Sudan: abducted daughter returns home
|Publisher||International Committee of the Red Cross (ICRC)|
|Publication Date||27 April 2011|
|Cite as||International Committee of the Red Cross (ICRC), Sudan: abducted daughter returns home , 27 April 2011, available at: http://www.refworld.org/docid/4db904a12.html [accessed 20 September 2014]|
38-year-old Lucas Takido Kuma goes into his mud hut and returns with a small plastic bag; a blue dress, a t-shirt and a pair of low-heeled tan sandals are all he has to remind him of his missing daughter, Jacqueline. She disappeared three years ago when armed men came to his village on the outskirts of Yambio in Western Equatoria, Sudan and abducted his youngest child.
"All of the children from the village fled into the bush. The men of the village organized a search party. Eventually the other children crept out of their hiding places and made their way home. But Jacqueline never came home," says Lucas quietly.
Communities in the towns and villages straddling the border between southern Sudan and the Democratic Republic of the Congo live in fear of attack. Armed groups loot and steal and abduct children, forcibly conscripting them into their ranks.
Lucas and his oldest daughter, Aganes, never thought they would see Jacqueline again. Aganes was the last person to see her alive.
"We were cooking at home. It was six o'clock in the evening when the men attacked, brandishing their weapons. Everyone screamed and fled. I turned back and saw Jacqueline trip. She was immediately seized and taken away deep into the forest. I felt totally powerless," she says.
Bringing good news
In November 2010 Dido Lafoklio Bage, a tracing volunteer from the Sudanese Red Crescent, brought unexpected news. Jacqueline had escaped from her captors and was safe and well in the town of Dungo in the DRC. She had given the Congolese Red Cross the name of her parents and her village. Within a day of receiving the information, Dido had located Lucas and his wife Mbusa.
A refugee from the DRC, Dido knows about the pain of separation. "Helping to reunite families," he says, "is the best job in the world."
Dido brought with him a Red Cross message from Jacqueline in which she says how grateful she is to still be alive. Lucas has read the message so many times it is now in shreds.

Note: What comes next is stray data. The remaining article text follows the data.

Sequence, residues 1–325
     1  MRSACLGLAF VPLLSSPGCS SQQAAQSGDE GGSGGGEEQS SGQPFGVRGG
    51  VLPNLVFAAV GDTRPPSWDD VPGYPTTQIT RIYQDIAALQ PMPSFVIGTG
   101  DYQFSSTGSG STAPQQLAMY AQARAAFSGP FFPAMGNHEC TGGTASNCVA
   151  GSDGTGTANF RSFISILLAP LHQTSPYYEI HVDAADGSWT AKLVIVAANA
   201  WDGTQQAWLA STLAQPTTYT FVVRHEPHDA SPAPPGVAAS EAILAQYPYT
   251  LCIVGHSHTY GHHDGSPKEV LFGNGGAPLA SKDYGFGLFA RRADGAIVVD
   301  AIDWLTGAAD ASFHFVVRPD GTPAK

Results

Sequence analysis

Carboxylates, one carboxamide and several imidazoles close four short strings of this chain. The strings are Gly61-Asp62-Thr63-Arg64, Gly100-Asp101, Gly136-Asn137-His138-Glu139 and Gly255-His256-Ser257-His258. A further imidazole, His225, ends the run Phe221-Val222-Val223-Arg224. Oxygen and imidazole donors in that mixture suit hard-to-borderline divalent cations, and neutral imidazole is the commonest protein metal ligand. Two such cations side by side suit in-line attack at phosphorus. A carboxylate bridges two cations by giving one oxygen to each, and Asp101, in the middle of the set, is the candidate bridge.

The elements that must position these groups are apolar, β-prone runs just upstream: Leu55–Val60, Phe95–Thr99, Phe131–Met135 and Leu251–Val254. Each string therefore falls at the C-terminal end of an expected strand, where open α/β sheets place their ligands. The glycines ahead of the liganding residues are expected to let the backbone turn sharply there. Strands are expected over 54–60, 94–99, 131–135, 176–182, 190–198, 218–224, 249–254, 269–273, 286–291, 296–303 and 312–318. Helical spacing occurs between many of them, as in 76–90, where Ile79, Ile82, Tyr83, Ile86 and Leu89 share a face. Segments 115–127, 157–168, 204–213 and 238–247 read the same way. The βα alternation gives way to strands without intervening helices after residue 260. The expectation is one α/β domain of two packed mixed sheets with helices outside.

Unfortunately his joy is tinged with sadness. Two weeks ago his wife died. Within 24 hours she had succumbed to malaria, a disease extremely prevalent in South Sudan. The community rallied round and erected a large concrete tombstone on her grave in a clearing near the village. Â Â
As the family is grieving, preparations for Jacqueline's return are muted. Dressed in his all white mourning clothes, Lucas waits nervously with Aganes at the tiny airstrip in Yambio for the ICRC plane to return from the DRC with his daughter from the DRC.
As Jacqueline emerges, Lucas and Aganes let out a cry of joy, sprint towards here and pull her to the ground. The family sobs as Lucas clutches his daughter to his breast, not wanting to let her go â¦ever.
So many children abducted in the region never return, he thought he would never see her again. In the three years she has been away, Jacqueline has turned from a child into a 15 year old woman. She looks shell-shocked, unable to comprehend that her ordeal at the hands of her ruthless captors is finally over.
"I never gave up hope of seeing my family again," she says. "Now I just want to go back to school and to start studying again."
Back at her village, emotions run high. She smiles for the first time as she catches sight of her friends. They pick her up and hoist her onto their shoulders and carry her home. The villagers start to sing and dance as Lucas puts his hand on her head and gives thanks for her return.
Jacqueline has suffered a lot during her years away and does not yet know her mother is dead.